Statement of Dylan Voorhees, Clean Energy Project Director, Natural Resources Council of Maine
“Today the Maine Legislature gave near unanimous support and final approval to a landmark bill that seeks to increase the use of solar energy in Maine. LD 1652 is good news for our economy, clean air, and Maine’s energy independence because it lays the foundation for a stronger role for solar energy in Maine.
“Solar energy is a clean, renewable, local and abundant energy resource, one that creates good paying Maine jobs that can’t be outsourced. Solar is booming around us as prices fall and the benefits of solar multiply. It’s time for Maine to make plans for capturing those benefits.
“For the first time Maine will have set goals in law for increasing our use of solar energy. The bill sends a message that Maine invites continued and increasing investment in clean solar energy.
“It also directs the Public Utilities Commission to conduct a comprehensive analysis of the benefits and costs of solar so that policymakers have good information about the quantifiable value of solar.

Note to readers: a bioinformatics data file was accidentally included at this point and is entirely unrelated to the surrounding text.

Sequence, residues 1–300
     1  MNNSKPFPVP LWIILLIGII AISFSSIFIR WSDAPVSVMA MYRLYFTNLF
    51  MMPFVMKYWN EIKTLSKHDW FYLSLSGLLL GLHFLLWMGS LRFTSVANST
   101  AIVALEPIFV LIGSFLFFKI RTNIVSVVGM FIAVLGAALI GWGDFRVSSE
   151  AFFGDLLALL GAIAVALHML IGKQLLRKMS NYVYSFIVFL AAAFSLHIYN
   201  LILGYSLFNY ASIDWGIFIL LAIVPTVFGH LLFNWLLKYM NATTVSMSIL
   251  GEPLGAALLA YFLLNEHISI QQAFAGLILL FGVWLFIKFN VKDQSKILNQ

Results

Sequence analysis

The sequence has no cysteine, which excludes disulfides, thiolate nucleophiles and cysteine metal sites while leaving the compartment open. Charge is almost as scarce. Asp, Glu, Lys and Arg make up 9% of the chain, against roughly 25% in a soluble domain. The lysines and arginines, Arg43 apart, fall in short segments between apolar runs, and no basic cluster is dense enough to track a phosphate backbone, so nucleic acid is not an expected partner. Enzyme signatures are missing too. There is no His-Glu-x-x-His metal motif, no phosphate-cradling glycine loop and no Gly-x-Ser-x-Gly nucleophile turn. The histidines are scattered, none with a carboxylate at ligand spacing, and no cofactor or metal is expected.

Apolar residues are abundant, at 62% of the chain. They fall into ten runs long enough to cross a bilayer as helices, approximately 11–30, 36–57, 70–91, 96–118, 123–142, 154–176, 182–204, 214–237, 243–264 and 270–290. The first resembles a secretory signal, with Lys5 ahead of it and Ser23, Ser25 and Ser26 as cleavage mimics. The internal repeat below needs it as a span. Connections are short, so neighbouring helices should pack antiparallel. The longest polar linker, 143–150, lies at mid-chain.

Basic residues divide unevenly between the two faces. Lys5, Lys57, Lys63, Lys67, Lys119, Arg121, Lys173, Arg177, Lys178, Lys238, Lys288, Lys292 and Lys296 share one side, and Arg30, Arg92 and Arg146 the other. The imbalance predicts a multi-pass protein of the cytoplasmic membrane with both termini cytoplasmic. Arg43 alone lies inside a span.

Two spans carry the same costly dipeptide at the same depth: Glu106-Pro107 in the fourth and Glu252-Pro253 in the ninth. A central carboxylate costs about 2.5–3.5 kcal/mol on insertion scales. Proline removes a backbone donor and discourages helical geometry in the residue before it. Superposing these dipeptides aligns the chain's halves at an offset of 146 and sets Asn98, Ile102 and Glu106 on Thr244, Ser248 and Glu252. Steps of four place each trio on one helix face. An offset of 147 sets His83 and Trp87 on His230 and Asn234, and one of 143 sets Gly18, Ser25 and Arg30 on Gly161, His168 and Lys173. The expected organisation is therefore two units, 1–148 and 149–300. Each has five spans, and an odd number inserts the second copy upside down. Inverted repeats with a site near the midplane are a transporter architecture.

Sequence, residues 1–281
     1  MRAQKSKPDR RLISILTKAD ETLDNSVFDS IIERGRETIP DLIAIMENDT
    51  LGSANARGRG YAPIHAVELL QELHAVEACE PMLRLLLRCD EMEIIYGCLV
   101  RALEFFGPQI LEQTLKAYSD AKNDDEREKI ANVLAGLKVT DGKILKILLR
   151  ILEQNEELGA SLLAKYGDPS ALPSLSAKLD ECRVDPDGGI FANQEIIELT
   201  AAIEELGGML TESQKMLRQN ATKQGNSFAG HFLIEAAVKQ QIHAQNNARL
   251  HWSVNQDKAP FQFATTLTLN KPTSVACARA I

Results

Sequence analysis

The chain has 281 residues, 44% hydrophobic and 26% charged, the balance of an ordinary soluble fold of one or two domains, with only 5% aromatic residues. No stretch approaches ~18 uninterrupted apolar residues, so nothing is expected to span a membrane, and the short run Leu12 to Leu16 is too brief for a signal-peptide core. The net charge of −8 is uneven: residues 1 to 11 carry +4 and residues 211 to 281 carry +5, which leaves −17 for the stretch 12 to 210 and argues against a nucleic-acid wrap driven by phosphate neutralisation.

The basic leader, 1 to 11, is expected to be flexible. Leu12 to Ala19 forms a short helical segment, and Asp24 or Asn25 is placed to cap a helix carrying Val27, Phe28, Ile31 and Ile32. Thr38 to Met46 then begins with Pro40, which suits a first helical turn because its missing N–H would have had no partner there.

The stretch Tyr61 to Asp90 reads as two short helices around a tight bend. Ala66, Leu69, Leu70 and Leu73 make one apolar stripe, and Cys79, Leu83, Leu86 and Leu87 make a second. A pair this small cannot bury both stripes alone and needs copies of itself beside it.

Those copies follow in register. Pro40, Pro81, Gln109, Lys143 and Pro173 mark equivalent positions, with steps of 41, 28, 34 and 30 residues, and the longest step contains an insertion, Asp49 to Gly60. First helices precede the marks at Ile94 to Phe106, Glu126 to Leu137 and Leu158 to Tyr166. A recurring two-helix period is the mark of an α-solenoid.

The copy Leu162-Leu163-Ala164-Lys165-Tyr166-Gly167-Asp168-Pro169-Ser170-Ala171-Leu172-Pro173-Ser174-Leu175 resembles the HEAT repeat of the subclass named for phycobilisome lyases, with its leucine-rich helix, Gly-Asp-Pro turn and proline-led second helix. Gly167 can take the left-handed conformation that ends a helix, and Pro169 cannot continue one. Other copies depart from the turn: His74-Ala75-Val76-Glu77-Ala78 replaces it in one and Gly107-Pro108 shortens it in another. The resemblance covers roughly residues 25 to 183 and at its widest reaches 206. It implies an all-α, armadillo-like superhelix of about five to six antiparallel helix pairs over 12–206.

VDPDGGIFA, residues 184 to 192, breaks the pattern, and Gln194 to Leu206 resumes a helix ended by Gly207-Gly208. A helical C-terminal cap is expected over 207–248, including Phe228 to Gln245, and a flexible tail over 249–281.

“The fact is, if we don’t take action, peak demand on the electric grid will keep driving up rates. Solar is a critical part of Maine’s sustainable energy economy and affordable, stable electric rates.
“This bill sets us on a path to assess options and establish common sense policies to accelerate solar. More work remains to be done, but this is a fantastic step by the Legislature.”
LD 1652 establishes broad goals on solar energy for Maine for the first time. The bill establishes the goals of (among others): increasing the amount of solar in Maine on the roofs of homes and businesses, and ensuring that solar energy makes a meaningful contribution to the electric grid and Maine’s energy independence and reduced oil usage.
The bill, sponsored by Senator Eloise Vitelli (D-Sagadahoc), was worked on intensively by the Energy and Utilities committee over five weeks of work sessions, earning a unanimous committee vote and overwhelming support by the House and Senate.
The Director of the Governor’s Energy Office worked with the committee on the bill. The committee listened to his input and requested changes, which brought acceptance of the bill from the Administration.
The PUC will undertake a multi-part study of solar economics and policy options this year, with a report due in early 2015.